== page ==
Treatment of eating disorders is usually done by a team that includes doctors, psychologists or psychiatrists, nutritionists, and all who are experienced in eating disorders. This treatment is done based on the type of disorder experienced but if the condition of ganggguan is life-threatening, it required hospitalization.
Treatment for this disorder is a major psychotherapy or also called speech therapy to replace unhealthy habits become healthier. One of them is cognitive behavioral therapy (cognitive behavioral therapy). This therapy is primarily, done for bulimics and eating disorders excessive. Cognitive perivaku therapy will change a person’s point of view in the face of a situation, including finding a problem solving and a healthy way of coping with the pressure that can ultimately change a person’s attitude for the better.
Other types of talk therapy that can be done is interpersonal therapy that focuses on issues related to other people’s relationships, family therapy that involves the whole family to discuss the disturbances experienced by the patient, the relationship between them and the influence of this disorder on the family.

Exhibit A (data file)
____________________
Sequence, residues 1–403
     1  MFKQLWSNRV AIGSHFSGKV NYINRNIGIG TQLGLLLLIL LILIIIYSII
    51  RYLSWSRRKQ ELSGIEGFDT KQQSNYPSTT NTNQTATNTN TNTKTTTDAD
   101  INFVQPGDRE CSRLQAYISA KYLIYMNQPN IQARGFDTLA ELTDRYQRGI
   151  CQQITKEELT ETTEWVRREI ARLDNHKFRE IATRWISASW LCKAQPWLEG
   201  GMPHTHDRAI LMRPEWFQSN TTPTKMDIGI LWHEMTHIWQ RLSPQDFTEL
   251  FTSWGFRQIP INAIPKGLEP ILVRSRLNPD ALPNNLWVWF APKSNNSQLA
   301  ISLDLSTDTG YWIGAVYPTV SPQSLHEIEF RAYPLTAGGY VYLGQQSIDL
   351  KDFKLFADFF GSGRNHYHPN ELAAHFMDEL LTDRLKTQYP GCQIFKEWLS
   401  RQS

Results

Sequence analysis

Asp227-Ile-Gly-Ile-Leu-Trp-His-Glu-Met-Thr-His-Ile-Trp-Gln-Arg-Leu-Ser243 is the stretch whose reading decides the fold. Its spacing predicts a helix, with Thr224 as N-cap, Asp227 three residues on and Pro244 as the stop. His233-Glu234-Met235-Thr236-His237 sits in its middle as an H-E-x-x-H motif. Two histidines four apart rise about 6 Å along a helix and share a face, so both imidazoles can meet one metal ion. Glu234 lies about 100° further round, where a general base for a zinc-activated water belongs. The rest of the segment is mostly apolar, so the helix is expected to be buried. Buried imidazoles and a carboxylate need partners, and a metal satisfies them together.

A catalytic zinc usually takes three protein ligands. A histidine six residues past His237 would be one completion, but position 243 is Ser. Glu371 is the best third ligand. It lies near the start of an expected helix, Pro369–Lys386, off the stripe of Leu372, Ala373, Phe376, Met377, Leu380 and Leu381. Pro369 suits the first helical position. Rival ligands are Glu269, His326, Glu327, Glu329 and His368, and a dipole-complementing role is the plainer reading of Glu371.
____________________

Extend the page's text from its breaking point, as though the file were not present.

In addition to these two therapies, diet therapy is also done to help a person regain and maintain a healthy diet. This therapy is performed by nutritionists and doctors, especially for patients with less weight due to eating disorders.
Medication may be considered. Although the drug can not cure eating disorders, it can help control the urge to eat lots, vomiting, or excessive anxiety regarding diet and food. Drugs given generally are antidepressant and antihemas.
The support of family and friends is essential for the success of treatment in people with eating disorders.
Eating Disorders Complications
Eating disorders can cause various complications. The more severe and longer the eating disorders experienced, the more serious complications that can be experienced, including:
- Inhibition of body growth.
- Psychological disorders, such as depression and anxiety, or even the intention to commit suicide.
- Serious health problems.
- Decrease in school performance or decrease in work quality.
- Damage to social relations.
If the patient has any of the symptoms suspected as a complication of eating disorders, you should see a doctor or psychologist / psychiatrist to get treatment.